The film opens to the hum of cicadas. As Vincent (Schoenaerts) and fellow soldiers come into shot, lumbering in crackling heat under the weight of full packs, it is instantly apparent that he is not well. An ear-bursting synth/techno soundtrack (from French DJ Gesaffelstein) makes its first intrusion here and will loop in and out continuously as and when Vincent's anxiety, hallucinations, sweating, random bleeding and hand-shaking take hold. Fearing he will not be sent out on another mission, he breezes into a security job for a soiree at the swanky Maryland residence of an arms dealer (Percy Kemp), his kept trophy wife (a dual French-American speaking role for German actress Diane Kruger) and their son (Zaid Errougui-Demonsant).
That Vincent is brought on for an event at which various dignitaries are present given his condition is step one into the realm of implausibility. Georges Lechaptois' frequently unsteady-cam follows him throughout and just as the thumping score blurs in and out of focus so does a lens that reflects our hero's clouded state of mind. After overstepping the mark on several counts at the party, step two involves Vincent being handed bodyguard duty of Jessie (Kruger) and son as papa has to jet off to Geneva. Babysitting doesn't prove smooth sailing and it is a shame that Disorder reaches its breathtaking, and admittedly very well executed, peak so soon before plateauing into obscurity.
Winocour's second feature hints at a number of broader issues but leaves them too vague to hit home. A brief doc's visit points toward Vincent suffering PTSD but any further inspection hits a dead end; he visits a rehab hospital for wounded vets but purloins prescription meds instead of seeking psychological treatment. The coup de foudre which strikes him upon seeing Jessie in a backless dress progresses to voyeurism via the house's web of security cameras but the fine line between protection and obsession could have been explored further. A tenuous allusion is made between Kruger's closeted existence and the treatment of women under ISIS, but the unsubtle poke towards current affairs feels a little contrived.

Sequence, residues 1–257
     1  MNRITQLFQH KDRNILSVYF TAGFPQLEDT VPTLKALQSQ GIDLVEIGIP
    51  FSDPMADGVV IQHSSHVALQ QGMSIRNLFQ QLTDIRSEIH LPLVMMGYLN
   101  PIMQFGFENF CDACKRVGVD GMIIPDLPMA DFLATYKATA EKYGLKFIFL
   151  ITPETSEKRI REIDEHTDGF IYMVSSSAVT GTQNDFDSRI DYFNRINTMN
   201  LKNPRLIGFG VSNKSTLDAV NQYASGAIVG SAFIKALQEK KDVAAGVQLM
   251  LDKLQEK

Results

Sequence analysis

Kruger and Schoenaerts are two of Europe's finest exports and there is a certain electricity between them; however, both the story and direction - from the midway point onwards - leave chasms they simply should not have to fill themselves. A tantalisingly ambiguous ending can add spice to the end of a thriller but here frustrates rather intriguing, feeling more like an afterthought than a worthy addition to open out the piece. Despite Disorder's faults it's hard to condemn the haphazardness of proceedings entirely. Moody, muted colours, thundering rainstorms, efficient use of darkness and light and confining the majority of the running to four walls all work very well but this could, and should, have been so much better.
Matthew Anderson | @behind_theseens